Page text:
With an already crowded field of streaming platforms, and Disney+, HBO Max, Apple TV+ and an NBCUniversal entry coming, the most obvious questions these days are how much users are willing to pay for such services, and whether they will try the new ones or stick to their tried-and-trues.
There have been a number of studies on these topics, and it’s always important to take consumers’ self-declared intentions in somewhat speculative circumstances (like untried services) with several proverbial grains of salt.
Still, I think it’s worth throwing the newest publicly reported one into the pot for consideration.
PC Magazine surveyed 1,001 users of streaming services between August 9 and 17, via Google Surveys. (See GS’s methodology here).
On the question of cost, 40% of these respondents said they would be willing to pay up to $20 per month for all of their streaming services, while 31% said they would pay between $21 and $40, and 16% said they would pay $41 to $60.
Just 6% said they would be willing to pay $61 to $80, while 4% would be willing to pay $81 to $100, 1% would be willing to pay $101 to $120, and 2% said they would be willing to pay $121 or more. (No explanation for why more are willing to pay the highest rung than the second-highest.)
The average was $33 per month.
That’s actually somewhat more positive — for SVODs anyway — than another recent survey, from The Hollywood Reporter and Morning Consult.
That one, conducted in mid-July on a weighted, national sample of 2,200 adults — not just streaming users — used the Van Westendorp model, which seeks to find the “sweet spot” in pricing between what consumers consider “too good to be true” and ‘too expensive.”
This survey found that while “many Americans who stream media pay for three services at a collective $37 per month… the optimum price for wooing far more households to multiple streamers is a combined $21 a month,” according to THR. The acceptable range for total service fees per month was $17 to $27.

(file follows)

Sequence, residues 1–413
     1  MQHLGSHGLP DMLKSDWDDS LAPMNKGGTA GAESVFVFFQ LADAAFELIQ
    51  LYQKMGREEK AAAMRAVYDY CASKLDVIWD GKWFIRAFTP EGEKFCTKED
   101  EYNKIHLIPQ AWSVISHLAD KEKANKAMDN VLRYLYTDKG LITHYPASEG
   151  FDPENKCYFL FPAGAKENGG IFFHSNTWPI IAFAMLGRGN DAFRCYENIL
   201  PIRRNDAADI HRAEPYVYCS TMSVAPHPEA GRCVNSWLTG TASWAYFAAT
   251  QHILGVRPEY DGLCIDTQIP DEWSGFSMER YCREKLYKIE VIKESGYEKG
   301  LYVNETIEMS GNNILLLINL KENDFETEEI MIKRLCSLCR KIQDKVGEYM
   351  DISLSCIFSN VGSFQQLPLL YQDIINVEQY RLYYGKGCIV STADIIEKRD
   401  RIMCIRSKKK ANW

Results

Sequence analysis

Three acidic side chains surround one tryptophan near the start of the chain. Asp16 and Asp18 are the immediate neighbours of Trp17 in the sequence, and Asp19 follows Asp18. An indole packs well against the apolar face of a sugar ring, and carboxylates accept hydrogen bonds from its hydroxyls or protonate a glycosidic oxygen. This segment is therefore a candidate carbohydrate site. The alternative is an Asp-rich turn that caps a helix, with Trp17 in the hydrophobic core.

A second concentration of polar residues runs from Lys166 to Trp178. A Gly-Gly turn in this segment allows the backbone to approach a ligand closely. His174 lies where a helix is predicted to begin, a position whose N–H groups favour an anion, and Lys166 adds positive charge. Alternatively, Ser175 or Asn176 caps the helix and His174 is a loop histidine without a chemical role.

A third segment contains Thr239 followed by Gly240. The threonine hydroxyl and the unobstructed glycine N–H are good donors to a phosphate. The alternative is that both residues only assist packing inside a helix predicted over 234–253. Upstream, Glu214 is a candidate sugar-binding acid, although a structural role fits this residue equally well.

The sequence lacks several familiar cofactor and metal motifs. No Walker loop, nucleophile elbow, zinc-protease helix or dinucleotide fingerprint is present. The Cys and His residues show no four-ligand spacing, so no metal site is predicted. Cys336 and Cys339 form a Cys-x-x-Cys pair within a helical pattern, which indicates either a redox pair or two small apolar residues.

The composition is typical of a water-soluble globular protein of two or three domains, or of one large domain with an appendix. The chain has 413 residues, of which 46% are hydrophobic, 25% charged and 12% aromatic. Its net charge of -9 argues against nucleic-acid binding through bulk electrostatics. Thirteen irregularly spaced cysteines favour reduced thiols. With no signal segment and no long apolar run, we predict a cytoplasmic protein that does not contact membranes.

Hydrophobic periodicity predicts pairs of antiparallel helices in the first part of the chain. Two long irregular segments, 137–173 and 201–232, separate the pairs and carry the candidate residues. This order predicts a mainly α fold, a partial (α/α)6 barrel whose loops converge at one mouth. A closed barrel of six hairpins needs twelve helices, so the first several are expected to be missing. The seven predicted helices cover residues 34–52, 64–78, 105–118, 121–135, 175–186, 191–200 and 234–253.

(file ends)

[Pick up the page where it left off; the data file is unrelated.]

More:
Well, to me, it would seem to make sense that people who are already paying for streaming and presumably hooked on the habit would be willing to pay more than the general population, including non-streamers.
But the perhaps more intriguing findings of the PC Magazine survey are around the question of intention to try specific new paid services.
Asked whether they plan to subscribe to “any of these upcoming streaming services” — Disney+, Apple TV+, HBO Max, AT&T TV Now — 75% indicated “none of these.”
Disney+ did best, with 14% saying they intend to subscribe. Apple TV+ and HBO Max each came in at 5%, followed by AT&T TV Now at 3% and NBCUniversal at 2% (0.2% picked “other”).
Again, shake out those grains of salt — especially in assessing the numbers for AT&T TV Now, which only began rebranding from DirecTV Now last month, and “NBCUniversal,” which is, of course, the name of a parent company, not its yet-to-be-named upcoming streaming service.
It’s anyone’s guess, but mine is that the results probably say very little about any of the forthcoming services, except to confirm that the Disney brand is associated with quality content, particularly for families. I’m hardly the first to make the observation that that is likely to give Disney a real edge in this streaming horse race.
But the 75% no-sale figure might also be another indicator that consumers are beginning to show resistance as the monthly costs of streaming services hit levels that are becoming too painful for their digital (or leather) wallets.
Let’s not forget that, although the numbers are dropping, research has consistently shown that most paid streaming service users still have cable subscriptions. (For instance, 91% of Hulu subscribers, 77% of Amazon Prime Video subscribers, and 51% of Netflix subscribers, according to a recent user data analysis by streamed-content search engine Reelgood.)
And you don’t need to be an analyst to understand that consumers who have cut their cable cords thinking to escape the high monthly bills aren’t thrilled when it begins to sink in that their combined expenses for streaming services are, in a growing number of cases, approaching the old cable hit.
Netflix, Hulu and other big SVODs are ramping up their offerings to withstand the onslaught, but the cost threshold issue, and the well-known inertia factor once consumers are comfortable with any service, certainly won’t hurt their odds.